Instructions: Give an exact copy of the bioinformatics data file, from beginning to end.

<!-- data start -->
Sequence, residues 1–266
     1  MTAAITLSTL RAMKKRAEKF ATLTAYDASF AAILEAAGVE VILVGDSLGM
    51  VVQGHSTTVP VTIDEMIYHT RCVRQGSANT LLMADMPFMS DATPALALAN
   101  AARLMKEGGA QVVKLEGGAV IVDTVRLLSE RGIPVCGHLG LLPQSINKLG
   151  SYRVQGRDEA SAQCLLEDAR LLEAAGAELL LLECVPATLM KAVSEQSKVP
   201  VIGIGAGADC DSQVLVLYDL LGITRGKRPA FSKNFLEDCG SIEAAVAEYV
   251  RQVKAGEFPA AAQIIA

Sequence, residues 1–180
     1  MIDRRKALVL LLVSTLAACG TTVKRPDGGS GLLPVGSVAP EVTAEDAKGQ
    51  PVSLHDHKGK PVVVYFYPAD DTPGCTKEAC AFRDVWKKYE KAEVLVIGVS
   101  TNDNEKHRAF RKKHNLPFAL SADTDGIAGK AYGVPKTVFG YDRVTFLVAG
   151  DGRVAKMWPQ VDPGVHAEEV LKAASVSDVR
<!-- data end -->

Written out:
Sequence, residues 1–266
     1  MTAAITLSTL RAMKKRAEKF ATLTAYDASF AAILEAAGVE VILVGDSLGM
    51  VVQGHSTTVP VTIDEMIYHT RCVRQGSANT LLMADMPFMS DATPALALAN
   101  AARLMKEGGA QVVKLEGGAV IVDTVRLLSE RGIPVCGHLG LLPQSINKLG
   151  SYRVQGRDEA SAQCLLEDAR LLEAAGAELL LLECVPATLM KAVSEQSKVP
   201  VIGIGAGADC DSQVLVLYDL LGITRGKRPA FSKNFLEDCG SIEAAVAEYV
   251  RQVKAGEFPA AAQIIA

Sequence, residues 1–180
     1  MIDRRKALVL LLVSTLAACG TTVKRPDGGS GLLPVGSVAP EVTAEDAKGQ
    51  PVSLHDHKGK PVVVYFYPAD DTPGCTKEAC AFRDVWKKYE KAEVLVIGVS
   101  TNDNEKHRAF RKKHNLPFAL SADTDGIAGK AYGVPKTVFG YDRVTFLVAG
   151  DGRVAKMWPQ VDPGVHAEEV LKAASVSDVR